TSU, Mie Pref. – A district court here turned down Thursday a suit filed by residents who said it was illegal for the Mie Prefectural Government to spend taxpayers’ money on repaying construction debts for the controversial Nagara River Dam.
The plaintiffs, led by Masando Narita, a member of the city assembly of Kuwana, argued that the prefecture’s decision in 1995 to put up 35.5 billion yen for the dam’s construction was illegal.
The prefectural government made the decision on the assumption that water from the dam would be put to industrial use, but Narita said the decision was illegal because there was no demand for the water at local industrial plants.
In dismissing the suit, presiding Judge Keiichi Uchida of the Tsu District Court said the possibility of such demand emerging in the future could not be ruled out.
The plaintiffs plan to appeal.
“The Nagara River Dam is a symbol of the government’s wasteful public works projects,” Narita said after the ruling. “We provided objective data proving that there is no water demand for industrial use, but the court made an incorrect judgment by failing to properly evaluate the evidence.”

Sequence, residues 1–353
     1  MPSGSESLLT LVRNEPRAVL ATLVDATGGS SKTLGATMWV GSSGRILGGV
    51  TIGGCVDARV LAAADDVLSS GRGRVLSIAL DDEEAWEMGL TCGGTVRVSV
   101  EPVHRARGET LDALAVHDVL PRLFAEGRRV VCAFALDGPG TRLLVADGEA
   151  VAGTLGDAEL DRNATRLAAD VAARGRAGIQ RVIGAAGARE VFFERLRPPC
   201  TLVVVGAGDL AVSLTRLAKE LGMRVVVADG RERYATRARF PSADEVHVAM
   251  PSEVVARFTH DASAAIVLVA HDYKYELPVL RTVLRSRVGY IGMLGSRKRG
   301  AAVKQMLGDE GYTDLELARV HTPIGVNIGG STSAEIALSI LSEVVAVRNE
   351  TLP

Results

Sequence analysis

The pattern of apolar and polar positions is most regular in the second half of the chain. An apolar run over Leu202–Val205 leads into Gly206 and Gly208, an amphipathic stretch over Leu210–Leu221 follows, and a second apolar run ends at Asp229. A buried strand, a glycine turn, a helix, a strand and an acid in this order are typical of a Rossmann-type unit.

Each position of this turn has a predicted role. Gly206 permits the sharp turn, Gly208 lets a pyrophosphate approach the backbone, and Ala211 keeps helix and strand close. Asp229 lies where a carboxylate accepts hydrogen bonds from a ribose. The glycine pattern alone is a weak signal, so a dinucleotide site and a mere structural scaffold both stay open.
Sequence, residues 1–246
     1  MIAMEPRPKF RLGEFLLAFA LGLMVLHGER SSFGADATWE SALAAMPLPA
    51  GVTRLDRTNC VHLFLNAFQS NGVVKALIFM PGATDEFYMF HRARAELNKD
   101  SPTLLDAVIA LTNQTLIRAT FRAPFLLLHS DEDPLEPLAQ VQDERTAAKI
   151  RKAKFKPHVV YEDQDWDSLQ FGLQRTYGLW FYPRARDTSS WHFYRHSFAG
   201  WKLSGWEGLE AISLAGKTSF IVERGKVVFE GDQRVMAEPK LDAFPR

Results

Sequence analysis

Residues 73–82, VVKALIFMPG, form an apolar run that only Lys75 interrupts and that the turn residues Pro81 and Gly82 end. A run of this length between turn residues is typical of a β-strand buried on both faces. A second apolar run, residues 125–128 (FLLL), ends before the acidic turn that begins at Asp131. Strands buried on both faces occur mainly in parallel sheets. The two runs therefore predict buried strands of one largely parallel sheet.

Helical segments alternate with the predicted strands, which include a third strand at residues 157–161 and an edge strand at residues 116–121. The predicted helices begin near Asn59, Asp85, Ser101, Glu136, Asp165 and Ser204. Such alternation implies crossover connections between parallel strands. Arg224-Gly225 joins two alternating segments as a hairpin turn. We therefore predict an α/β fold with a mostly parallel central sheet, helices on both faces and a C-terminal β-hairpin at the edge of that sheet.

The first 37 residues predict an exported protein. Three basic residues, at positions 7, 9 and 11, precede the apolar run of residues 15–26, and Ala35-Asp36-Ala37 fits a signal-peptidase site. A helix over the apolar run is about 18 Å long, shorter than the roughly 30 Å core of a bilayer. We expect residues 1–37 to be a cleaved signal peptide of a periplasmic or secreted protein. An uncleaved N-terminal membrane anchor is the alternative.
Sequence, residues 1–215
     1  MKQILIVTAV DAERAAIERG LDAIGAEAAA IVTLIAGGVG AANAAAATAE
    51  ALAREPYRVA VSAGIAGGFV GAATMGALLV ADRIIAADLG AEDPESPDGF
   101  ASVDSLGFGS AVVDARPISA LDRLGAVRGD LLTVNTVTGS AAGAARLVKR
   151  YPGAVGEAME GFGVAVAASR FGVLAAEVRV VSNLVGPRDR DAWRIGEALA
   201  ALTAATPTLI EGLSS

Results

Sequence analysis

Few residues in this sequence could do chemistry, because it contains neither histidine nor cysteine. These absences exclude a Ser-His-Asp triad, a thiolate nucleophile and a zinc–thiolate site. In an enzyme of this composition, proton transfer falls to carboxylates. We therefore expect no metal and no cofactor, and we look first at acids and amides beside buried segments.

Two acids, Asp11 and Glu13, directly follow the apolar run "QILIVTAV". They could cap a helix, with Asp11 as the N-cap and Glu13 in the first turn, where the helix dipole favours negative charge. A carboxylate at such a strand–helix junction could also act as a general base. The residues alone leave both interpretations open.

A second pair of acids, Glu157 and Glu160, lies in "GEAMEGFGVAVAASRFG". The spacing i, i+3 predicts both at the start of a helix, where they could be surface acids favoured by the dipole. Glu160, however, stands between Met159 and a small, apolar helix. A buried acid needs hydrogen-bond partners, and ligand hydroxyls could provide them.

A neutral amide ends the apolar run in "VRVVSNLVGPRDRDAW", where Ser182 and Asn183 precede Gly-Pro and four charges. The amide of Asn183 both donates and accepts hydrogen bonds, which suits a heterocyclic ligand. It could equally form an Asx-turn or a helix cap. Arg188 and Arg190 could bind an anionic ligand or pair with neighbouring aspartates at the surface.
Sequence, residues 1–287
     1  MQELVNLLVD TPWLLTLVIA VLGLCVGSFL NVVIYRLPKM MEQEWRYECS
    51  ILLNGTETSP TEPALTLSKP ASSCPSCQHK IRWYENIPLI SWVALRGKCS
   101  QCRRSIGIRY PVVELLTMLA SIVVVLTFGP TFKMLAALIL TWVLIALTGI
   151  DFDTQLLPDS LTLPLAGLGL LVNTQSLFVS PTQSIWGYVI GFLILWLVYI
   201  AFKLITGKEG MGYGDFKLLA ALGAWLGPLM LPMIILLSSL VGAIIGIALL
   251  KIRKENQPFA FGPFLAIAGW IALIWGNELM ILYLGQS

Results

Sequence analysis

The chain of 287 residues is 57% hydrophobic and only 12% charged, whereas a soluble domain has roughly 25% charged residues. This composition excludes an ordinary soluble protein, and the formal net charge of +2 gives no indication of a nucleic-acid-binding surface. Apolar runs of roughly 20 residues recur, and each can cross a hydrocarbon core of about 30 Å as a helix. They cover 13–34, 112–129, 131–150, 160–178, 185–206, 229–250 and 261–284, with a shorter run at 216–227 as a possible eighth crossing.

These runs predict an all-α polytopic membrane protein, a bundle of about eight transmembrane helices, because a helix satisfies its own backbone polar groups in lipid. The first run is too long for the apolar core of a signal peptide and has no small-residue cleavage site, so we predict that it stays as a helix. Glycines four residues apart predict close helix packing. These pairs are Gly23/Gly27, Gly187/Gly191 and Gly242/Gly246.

Construction of the Nagara Dam began in 1988, with the 661-meter facility, located 5.4 km from the river’s estuary, starting full-scale operations in 1995 amid criticism it was a waste of taxpayers’ money.
Of the 150 billion yen total construction cost, Mie Prefecture has decided to cover 35.5 billion yen. Adjacent Aichi Prefecture is providing 50 billion yen in exchange for water from the dam for industrial use.
To this day, however, water from the dam is used only for tap water and there is no demand for use at industrial plants.
The Mie government transferred the 35.5 billion yen from its general account to a special account in 1995 and started paying its share of the construction cost.
In the suit filed in 1999, the plaintiffs urged the court to stop Mie from future scheduled payments of 19 billion yen and to return 3.3 billion yen that it had already paid.
In January 2000, the Tsu District Court turned down the suit, saying the matter was not appropriate for a lawsuit filed by residents against a local government.
But in July that year, the Nagoya High Court moved the case back to the same district court, saying local residents have the power to file suits on matters involving the use of taxpayers’ money.
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